oona, and appeared before Dalton and demanded its surrender. The little garrison there, under Colonel Liebold, held the post firmly until General Steedman came down from Chattanooga and drove Wheeler off. The latter then pushed up into East Tennessee, made a circuit around Knoxville by way of Strawberry Plains, crossed the Clinch River near Clinton, went over the Cumberland Mountains by way of the Sequatchie, and appeared at McMinnville, Murfreesboroa, and Lebanon. Rousseau, Steedman, and Granger, in Tennessee, were on the alert, and they soon drove the raider into Northern Alabama by way of Florence. Although he had destroyed much property, his damage to Sherman's communications was so slight, that the latter said, in writing from Atlanta on the 15th of September: 1864. Our roads and telegraphs are all repaired, and the cars run with regularity and speed. Sherman's Report. Sherman and Hood took advantage of the lull in the campaign, in September, to reorganize their respec
Benson J. Lossing, Pictorial Field Book of the Civil War. Volume 3., Chapter 15: Sherman's March to the sea.--Thomas's campaign in Middle Tennessee.--events in East Tennessee. (search)
south, threatened Huntsville, and again attacked Athens, which General Granger, in command at Franklin, had re-garrisoned with the Seventy-thnding westward to Memphis, and eastward to Chattanooga. There General Granger was stationed with a considerable force, when Hood approached enchments, and threatened an assault. Two days afterward, some of Granger's troops made a sortie, gained the rear of the left of Hood's rifler his forces were concentrated at Columbia. In the mean time General Granger had withdrawn the garrisons at Athens, Decatur, and Huntsvilleeavored to keep open the railway communication between himself and Granger, at Stevenson. For that purpose, he placed General Rousseau, with Florence. He was instructed to send back the garrisons which General Granger had called to Stevenson, See page 419. to their former posts. He was joined by Granger at the latter place, and they reoccupied Decatur on the 27th, but too late to impede Hood's flight, for he had a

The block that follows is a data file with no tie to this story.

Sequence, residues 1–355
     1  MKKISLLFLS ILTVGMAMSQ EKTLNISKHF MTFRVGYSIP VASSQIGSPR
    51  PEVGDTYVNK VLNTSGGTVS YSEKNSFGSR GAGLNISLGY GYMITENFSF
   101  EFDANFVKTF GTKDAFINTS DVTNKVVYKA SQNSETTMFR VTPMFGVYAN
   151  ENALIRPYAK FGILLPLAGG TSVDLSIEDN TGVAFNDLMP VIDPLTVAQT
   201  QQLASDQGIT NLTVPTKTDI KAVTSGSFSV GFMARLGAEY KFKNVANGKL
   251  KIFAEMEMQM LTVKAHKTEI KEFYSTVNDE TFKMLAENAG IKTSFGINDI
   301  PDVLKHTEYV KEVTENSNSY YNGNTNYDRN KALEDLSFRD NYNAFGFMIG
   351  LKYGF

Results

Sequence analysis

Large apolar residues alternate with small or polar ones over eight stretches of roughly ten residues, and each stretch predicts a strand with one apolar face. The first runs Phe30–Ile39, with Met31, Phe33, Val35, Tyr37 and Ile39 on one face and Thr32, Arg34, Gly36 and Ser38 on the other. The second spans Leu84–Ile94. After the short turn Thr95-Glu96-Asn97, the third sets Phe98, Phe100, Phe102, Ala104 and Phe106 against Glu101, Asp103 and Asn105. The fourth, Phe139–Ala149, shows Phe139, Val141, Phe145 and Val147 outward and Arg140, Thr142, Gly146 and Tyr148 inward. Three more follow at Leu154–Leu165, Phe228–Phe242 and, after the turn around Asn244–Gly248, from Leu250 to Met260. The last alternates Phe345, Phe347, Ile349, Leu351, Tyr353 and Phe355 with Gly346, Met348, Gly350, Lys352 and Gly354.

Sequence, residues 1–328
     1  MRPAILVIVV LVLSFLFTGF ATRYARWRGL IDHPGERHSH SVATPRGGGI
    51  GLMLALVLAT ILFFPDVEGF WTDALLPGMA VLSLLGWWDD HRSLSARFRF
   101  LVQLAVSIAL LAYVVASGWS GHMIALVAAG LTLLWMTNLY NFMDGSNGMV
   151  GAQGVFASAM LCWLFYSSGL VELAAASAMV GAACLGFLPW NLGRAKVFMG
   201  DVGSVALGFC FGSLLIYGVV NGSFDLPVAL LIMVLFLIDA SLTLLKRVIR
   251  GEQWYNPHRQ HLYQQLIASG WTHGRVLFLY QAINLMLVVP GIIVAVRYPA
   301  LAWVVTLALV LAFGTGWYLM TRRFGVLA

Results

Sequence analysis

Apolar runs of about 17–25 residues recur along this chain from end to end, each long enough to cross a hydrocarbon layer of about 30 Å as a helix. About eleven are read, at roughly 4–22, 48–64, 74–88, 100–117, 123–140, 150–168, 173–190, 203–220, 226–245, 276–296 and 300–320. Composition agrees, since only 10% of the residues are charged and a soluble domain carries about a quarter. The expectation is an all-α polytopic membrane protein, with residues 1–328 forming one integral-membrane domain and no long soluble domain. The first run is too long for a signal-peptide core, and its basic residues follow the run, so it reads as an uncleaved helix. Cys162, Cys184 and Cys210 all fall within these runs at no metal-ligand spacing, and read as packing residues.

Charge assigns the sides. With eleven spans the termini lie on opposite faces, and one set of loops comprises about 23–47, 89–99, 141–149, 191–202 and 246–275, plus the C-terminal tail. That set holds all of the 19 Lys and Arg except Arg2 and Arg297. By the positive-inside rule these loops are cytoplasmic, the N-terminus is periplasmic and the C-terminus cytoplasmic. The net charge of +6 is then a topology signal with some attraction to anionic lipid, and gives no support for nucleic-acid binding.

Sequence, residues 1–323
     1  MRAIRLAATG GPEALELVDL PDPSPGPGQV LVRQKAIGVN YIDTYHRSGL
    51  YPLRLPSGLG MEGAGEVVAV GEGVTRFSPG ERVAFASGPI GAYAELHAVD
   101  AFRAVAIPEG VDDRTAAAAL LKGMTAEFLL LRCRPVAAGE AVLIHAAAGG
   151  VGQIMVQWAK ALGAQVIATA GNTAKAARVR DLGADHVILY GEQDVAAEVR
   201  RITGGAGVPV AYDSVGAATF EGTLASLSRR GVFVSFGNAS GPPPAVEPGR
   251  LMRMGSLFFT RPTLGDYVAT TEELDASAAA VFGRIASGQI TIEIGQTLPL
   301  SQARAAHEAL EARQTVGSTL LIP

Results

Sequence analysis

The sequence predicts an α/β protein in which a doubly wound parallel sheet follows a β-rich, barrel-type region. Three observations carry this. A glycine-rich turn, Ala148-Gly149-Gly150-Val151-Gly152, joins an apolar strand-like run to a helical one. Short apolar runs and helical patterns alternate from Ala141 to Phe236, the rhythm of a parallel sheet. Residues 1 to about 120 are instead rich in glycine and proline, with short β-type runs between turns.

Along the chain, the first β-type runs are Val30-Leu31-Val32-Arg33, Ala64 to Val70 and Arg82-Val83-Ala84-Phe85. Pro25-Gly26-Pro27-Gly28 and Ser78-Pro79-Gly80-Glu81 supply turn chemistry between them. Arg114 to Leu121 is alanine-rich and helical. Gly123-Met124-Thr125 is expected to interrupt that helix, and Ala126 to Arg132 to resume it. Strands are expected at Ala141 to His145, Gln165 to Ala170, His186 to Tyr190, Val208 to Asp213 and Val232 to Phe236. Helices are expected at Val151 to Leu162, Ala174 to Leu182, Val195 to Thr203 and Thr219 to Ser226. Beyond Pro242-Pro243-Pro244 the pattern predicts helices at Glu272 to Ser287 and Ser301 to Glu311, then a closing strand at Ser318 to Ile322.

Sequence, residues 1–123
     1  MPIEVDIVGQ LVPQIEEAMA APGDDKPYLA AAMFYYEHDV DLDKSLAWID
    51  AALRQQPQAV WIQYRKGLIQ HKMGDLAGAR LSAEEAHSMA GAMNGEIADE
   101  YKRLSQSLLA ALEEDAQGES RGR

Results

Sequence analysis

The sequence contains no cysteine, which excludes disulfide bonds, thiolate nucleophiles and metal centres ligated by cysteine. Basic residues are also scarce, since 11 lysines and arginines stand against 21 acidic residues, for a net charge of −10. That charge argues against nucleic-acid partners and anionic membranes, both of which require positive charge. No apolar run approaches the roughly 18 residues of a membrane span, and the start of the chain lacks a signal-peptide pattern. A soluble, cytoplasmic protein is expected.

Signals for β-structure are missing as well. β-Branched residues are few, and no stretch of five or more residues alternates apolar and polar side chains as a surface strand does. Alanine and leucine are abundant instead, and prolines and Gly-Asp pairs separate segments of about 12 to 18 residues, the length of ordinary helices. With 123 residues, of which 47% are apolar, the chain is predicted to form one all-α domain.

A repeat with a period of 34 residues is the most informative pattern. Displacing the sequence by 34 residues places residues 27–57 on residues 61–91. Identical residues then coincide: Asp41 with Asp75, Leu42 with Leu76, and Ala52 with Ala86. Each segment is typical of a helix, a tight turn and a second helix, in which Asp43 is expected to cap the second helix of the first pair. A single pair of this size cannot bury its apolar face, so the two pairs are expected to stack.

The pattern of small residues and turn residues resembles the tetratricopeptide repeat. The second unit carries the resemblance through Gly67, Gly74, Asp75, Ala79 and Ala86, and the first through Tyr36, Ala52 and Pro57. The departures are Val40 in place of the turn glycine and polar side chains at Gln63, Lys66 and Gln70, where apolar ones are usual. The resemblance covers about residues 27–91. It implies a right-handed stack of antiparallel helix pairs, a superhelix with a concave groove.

Benson J. Lossing, Pictorial Field Book of the Civil War. Volume 3., Chapter 16: career of the Anglo-Confederate pirates.--closing of the Port of Mobile — political affairs. (search)
Stevens, and Chickasaw, Lieutenant-Commander T. H. Perkins. while a land force, about five thousand strong, sent by General Canby from New Orleans, under General Gordon Granger, was planted upon Dauphin Island for the purpose of co-operating. the entrance to Mobile Bay is divided by Dauphin Island, making two passages; the easition would be accomplished. To that business the Admiral now addressed himself, after sending the wounded of both parties to Pensacola, on the Metacomet. General Granger was on Dauphin Island, and had begun the siege of Fort Gaines. Farragut sent August 6. the Chickasaw to help him. She shelled the Fort with such effect thats, Page cried out Coward! and the entire Confederacy echoed the slander. Page's turn for a similar trial came, and he met it with less honor than did Anderson. Granger's troops were transferred August 9, 1864. from Dauphin Island to the rear of Fort Morgan, and there lines of investment were constructed across the narrow sand-s
Benson J. Lossing, Pictorial Field Book of the Civil War. Volume 3., Chapter 19: the repossession of Alabama by the Government. (search)